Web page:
11. Interfacial stress balances in structured continua and free surface flows in ferrofluids

    NASA Astrophysics Data System (ADS)

    Chaves, Arlex; Rinaldi, Carlos

    2014-04-01

    Interfacial linear and internal angular momentum balances are obtained for a structured continuum and for the special case of a ferrofluid, a suspension of magnetic nanoparticles in a Newtonian fluid. The interfacial balance equations account for the effects of surface tension and surface tension gradient, magnetic surface excess forces, antisymmetric stresses, and couple stresses in driving interfacial flows in ferrofluids. Application of the interfacial balance equations is illustrated by obtaining analytical expressions for the translational and spin velocity profiles in a thin film of ferrofluid on an infinite flat plate when a rotating magnetic field is applied with axis of rotation parallel to the ferrofluid/air interface. The cases of zero and non-zero spin viscosity are considered for small applied magnetic field amplitude. Expressions for the maximum translational velocity, slope of the translational velocity profile at the ferrofluid/air interface, and volumetric flow rate are obtained and their use to test the relevance of spin viscosity and couple stresses in the flow situation under consideration is discussed.

  12. Nanoscopic characterization of the water vapor-salt interfacial layer reveals a unique biphasic adsorption process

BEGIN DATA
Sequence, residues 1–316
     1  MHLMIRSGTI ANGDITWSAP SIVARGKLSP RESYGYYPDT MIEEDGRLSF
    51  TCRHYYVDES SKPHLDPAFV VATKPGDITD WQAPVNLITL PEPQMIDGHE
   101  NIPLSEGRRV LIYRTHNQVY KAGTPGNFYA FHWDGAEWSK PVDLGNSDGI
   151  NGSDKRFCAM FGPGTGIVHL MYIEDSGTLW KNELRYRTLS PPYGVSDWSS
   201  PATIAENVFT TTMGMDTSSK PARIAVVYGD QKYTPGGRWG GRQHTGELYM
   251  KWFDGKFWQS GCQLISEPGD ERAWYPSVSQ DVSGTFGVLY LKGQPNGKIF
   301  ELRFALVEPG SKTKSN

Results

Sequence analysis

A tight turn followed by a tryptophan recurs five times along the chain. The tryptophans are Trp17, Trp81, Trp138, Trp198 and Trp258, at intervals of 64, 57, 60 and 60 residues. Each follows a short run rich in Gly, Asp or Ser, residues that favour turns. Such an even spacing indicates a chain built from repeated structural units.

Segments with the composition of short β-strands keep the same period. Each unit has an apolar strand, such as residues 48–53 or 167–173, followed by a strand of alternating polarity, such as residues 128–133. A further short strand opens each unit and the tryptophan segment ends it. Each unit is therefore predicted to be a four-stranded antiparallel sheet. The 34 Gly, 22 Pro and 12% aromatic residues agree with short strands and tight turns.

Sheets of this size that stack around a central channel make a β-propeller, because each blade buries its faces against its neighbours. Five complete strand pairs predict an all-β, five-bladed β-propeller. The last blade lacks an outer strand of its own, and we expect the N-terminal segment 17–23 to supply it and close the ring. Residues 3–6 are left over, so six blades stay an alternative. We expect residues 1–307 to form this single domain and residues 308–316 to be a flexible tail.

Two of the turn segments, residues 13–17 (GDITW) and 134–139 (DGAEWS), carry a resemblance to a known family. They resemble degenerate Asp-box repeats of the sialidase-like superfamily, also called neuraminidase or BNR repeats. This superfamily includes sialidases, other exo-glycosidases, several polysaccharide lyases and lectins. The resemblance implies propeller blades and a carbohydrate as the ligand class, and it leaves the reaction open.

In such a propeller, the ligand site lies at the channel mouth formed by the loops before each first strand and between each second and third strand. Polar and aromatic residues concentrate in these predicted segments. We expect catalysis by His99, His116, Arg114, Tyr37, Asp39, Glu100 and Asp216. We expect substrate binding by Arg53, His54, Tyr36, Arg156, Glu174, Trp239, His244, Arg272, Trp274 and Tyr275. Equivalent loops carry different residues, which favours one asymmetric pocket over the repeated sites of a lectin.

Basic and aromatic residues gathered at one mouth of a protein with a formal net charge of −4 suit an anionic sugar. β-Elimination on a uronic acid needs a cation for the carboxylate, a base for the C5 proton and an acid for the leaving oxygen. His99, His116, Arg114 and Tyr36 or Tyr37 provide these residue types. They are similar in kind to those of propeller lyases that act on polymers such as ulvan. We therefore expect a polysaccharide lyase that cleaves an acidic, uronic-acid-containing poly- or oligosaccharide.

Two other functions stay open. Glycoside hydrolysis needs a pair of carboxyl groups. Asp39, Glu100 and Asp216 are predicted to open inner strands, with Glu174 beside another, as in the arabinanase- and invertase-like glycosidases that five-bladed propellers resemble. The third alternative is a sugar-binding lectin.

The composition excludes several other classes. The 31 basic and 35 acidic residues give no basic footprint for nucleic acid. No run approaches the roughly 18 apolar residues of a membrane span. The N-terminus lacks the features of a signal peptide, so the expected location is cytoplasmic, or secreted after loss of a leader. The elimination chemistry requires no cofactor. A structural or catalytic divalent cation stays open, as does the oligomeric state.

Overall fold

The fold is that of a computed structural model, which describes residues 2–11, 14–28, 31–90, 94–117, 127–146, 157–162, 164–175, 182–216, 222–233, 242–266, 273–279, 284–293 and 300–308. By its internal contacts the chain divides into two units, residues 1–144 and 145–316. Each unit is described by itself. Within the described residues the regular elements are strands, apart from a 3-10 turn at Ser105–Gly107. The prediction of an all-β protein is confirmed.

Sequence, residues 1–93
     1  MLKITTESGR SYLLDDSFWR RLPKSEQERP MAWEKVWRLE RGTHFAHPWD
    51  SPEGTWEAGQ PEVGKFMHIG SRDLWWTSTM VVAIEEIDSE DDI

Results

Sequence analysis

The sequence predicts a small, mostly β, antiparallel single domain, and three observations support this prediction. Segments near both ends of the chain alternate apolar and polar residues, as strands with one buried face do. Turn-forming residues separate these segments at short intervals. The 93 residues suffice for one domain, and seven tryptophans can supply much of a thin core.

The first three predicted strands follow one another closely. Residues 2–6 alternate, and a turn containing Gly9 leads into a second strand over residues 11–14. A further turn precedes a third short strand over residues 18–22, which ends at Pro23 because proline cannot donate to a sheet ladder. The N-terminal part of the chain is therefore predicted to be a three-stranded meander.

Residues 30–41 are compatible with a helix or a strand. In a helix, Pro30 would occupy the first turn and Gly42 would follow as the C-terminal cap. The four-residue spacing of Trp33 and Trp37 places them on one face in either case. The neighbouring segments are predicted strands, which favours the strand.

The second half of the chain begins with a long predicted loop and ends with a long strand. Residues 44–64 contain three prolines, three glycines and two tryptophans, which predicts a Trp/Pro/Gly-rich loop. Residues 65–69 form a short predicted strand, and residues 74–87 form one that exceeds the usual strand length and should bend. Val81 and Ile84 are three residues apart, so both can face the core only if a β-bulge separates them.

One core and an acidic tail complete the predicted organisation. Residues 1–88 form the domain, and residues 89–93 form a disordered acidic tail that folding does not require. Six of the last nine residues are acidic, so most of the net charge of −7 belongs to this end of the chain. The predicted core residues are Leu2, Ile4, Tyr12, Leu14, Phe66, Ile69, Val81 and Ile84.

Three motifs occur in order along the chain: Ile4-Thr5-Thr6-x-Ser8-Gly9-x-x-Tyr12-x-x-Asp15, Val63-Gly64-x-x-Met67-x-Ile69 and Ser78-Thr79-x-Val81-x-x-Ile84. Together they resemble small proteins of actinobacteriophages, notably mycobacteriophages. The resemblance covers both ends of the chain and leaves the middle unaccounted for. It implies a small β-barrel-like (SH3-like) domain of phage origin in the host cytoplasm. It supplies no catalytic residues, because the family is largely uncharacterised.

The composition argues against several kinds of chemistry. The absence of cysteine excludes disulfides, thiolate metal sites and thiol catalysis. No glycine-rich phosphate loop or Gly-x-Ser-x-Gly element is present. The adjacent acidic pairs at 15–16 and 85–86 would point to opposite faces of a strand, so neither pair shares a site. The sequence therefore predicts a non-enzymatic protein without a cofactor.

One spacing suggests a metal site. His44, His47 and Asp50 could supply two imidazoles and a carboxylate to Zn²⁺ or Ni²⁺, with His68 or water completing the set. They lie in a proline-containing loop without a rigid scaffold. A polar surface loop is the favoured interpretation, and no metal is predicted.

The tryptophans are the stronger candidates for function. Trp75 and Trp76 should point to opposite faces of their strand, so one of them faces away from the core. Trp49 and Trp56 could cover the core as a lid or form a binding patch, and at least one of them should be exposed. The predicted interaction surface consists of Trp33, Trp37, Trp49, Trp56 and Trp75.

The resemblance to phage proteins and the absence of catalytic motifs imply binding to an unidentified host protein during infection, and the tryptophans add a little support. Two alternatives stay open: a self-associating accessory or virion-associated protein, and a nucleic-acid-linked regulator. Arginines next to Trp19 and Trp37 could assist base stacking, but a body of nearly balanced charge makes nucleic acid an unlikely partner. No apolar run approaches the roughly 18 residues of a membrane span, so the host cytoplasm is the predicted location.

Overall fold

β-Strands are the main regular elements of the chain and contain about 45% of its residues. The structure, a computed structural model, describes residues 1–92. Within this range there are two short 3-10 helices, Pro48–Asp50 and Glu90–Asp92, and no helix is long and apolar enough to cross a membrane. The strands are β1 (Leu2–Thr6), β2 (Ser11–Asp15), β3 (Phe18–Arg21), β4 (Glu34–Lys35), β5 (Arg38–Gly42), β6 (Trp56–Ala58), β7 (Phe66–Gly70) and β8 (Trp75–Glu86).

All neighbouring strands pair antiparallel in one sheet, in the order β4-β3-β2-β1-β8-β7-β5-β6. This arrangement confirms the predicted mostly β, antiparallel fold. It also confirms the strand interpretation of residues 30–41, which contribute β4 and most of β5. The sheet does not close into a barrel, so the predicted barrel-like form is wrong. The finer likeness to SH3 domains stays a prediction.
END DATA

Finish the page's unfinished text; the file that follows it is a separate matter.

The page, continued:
PubMed Central

    Yang, Liu; He, Jianfeng; Shen, Yi; Li, Xiaowei; Sun, Jielin; Czajkowsky, Daniel M.; Shao, Zhifeng

    2016-01-01

    Our quantitative understanding of water adsorption onto salt surfaces under ambient conditions is presently quite poor owing to the difficulties in directly characterizing this interfacial layer under these conditions. Here we determine the thickness of the interfacial layer on NaCl at different relative humidities (RH) based on a novel application of atomic force spectroscopy and capillary condensation theory. In particular, we take advantage of the microsecond-timescale of the capillary condensation process to directly resolve the magnitude of its contribution in the tip-sample interaction, from which the interfacial water thickness is determined. Further, to correlate this thickness with salt dissolution, we also measure surface conductance under similar conditions. We find that below 30% RH, there is essentially only the deposition of water molecules onto this surface, typical of conventional adsorption onto solid surfaces. However, above 30% RH, adsorption is simultaneous with the dissolution of ions, unlike conventional adsorption, leading to a rapid increase of surface conductance. Thus, water adsorption on NaCl is an unconventional biphasic process in which the interfacial layer not only exhibits quantitative differences in thickness but also qualitative differences in composition. PMID:27527905

  13. In situ measurement of contact angles and surface tensions of interfacial nanobubbles in ethanol aqueous solutions.

    PubMed

    Zhao, Binyu; Wang, Xingya; Wang, Shuo; Tai, Renzhong; Zhang, Lijuan; Hu, Jun

    2016-04-14